San Diego Museum Of Art Screens 'Bloody Sunday'
Paul Greengrass film gives historical context to Tim Shaw Beyond Reason exhibit
San Diego Museum of Art is screening "Bloody Sunday" in conjunction with its Tim Shaw: Beyond Reason exhibit. The film looks to the 1972 incident in which British soldiers shot at unarmed Irish protesters. I interviewed the filmmakers and some of the people involved in the protest back in 2002 when the film was released.
Paul Greengrass’ film "Bloody Sunday" depicts one of the greatest tragedies of the Northern Ireland Troubles. It also provides an important historical context for understanding the origins of artist Tim Shaw’s installation pieces at San Diego Museum of Arts’ Beyond Reason exhibit.
The film opens with Protestant member of Parliament Ivan Cooper beginning Jan. 30, 1972 with high hopes. He had planned a civil rights march in Londonderry, Northern Ireland. In the film, actor Jimmy Nesbitt conveys Cooper’s optimistic challenge to British Rule on that day.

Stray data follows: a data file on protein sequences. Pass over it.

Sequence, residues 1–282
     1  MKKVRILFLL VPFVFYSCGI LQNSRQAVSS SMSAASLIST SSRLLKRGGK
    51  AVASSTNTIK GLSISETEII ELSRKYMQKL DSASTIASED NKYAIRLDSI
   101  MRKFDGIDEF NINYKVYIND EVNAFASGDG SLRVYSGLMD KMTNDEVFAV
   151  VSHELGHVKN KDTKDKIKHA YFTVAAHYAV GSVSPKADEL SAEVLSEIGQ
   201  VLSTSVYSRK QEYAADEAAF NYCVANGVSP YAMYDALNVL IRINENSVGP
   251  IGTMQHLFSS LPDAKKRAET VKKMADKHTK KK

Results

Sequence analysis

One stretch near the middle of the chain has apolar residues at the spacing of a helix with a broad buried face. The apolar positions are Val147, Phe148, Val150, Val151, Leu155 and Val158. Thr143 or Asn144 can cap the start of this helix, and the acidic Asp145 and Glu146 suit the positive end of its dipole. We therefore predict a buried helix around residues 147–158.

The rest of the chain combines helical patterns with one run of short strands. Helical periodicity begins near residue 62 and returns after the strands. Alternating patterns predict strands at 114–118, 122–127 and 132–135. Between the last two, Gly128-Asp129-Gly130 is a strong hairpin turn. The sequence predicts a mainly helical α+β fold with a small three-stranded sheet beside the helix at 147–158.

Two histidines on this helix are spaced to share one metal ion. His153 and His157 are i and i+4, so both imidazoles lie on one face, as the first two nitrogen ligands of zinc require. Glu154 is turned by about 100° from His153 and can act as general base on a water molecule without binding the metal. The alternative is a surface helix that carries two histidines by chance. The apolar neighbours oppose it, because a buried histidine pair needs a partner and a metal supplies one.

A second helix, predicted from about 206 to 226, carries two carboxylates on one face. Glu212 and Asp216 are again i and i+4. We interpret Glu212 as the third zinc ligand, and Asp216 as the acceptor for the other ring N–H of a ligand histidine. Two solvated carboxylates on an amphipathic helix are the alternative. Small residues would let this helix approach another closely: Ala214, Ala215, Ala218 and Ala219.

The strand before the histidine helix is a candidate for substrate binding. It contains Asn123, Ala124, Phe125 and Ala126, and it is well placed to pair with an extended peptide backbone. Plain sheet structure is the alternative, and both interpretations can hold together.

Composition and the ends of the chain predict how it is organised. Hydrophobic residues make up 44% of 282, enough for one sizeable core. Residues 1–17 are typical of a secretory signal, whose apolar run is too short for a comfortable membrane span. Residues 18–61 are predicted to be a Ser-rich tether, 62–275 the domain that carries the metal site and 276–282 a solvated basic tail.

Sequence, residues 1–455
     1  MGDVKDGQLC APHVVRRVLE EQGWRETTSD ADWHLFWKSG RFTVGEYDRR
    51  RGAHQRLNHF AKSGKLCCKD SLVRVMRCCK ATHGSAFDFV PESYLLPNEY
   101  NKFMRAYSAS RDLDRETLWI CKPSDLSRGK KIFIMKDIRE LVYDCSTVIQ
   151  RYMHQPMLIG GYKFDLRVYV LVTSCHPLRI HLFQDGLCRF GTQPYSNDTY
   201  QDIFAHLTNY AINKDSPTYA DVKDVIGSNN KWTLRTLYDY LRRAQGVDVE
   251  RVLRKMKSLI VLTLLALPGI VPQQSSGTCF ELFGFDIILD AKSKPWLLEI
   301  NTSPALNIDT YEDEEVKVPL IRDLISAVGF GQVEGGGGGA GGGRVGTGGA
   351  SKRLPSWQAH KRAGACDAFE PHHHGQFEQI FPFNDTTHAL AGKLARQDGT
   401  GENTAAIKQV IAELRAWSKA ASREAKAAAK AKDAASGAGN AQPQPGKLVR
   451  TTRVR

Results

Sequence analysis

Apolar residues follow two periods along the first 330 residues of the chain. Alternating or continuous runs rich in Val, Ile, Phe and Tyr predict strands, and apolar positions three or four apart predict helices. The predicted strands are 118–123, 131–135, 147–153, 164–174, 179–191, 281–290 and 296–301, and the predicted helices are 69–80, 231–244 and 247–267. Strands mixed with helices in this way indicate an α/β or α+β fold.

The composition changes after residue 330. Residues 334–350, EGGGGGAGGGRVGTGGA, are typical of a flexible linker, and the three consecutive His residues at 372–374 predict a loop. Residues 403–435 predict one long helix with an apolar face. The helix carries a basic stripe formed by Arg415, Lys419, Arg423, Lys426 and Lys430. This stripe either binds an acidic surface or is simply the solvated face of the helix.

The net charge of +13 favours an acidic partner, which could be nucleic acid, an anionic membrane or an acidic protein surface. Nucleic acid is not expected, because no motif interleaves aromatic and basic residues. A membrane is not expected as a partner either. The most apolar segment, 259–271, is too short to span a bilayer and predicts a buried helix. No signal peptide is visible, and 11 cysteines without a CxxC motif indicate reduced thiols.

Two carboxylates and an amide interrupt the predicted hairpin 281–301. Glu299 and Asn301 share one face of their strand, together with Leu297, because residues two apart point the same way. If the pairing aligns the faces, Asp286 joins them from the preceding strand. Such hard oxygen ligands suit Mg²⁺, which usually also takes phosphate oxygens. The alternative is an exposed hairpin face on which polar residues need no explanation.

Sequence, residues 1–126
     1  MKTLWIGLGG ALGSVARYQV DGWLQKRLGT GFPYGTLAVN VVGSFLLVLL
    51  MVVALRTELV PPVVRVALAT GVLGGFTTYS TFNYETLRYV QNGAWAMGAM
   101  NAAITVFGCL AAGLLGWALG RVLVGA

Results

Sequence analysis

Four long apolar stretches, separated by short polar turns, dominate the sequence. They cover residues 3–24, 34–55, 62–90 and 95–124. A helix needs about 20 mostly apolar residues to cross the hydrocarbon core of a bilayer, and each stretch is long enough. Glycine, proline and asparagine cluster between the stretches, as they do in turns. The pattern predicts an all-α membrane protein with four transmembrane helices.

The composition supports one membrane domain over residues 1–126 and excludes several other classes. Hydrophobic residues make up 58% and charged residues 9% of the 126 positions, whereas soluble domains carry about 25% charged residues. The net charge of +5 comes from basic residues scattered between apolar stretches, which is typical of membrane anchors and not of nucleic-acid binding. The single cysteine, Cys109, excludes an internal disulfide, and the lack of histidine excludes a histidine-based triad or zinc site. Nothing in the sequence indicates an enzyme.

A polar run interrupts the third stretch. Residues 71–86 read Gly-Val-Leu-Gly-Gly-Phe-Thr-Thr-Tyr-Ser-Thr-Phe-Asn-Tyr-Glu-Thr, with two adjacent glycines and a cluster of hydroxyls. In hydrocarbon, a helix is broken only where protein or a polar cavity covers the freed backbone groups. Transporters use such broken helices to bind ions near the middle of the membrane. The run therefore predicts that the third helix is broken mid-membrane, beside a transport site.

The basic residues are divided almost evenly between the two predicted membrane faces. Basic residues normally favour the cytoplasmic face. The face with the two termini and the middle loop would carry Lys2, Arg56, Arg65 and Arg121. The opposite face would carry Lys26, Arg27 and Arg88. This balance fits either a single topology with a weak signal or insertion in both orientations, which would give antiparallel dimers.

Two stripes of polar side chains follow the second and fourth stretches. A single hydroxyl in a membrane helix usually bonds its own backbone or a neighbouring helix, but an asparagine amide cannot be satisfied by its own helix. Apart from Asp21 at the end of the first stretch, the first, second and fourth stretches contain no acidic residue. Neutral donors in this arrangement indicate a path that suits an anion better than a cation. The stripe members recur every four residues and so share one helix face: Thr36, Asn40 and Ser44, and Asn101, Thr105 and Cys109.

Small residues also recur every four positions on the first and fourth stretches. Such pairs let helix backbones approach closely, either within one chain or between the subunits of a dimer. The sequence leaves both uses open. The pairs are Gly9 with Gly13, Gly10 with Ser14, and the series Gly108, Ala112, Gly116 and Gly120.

"So we say this to the British government, we will march peacefully this Sunday and march and march again until Unionist rule ends and a new system based on civil rights for all is put in its place," Nesbitt's Cooper says in the film.
But by nightfall, there was nothing peaceful about the streets of Londonderry. The British Army had fired into the crowd of unarmed marchers, killing 13, wounding more than a dozen. The film shows how the violent events of that day remain unresolved.
The character Bernadette states: "I would just like to say this on behalf of us, the families of the victims and the victims, we will not rest until justice is done."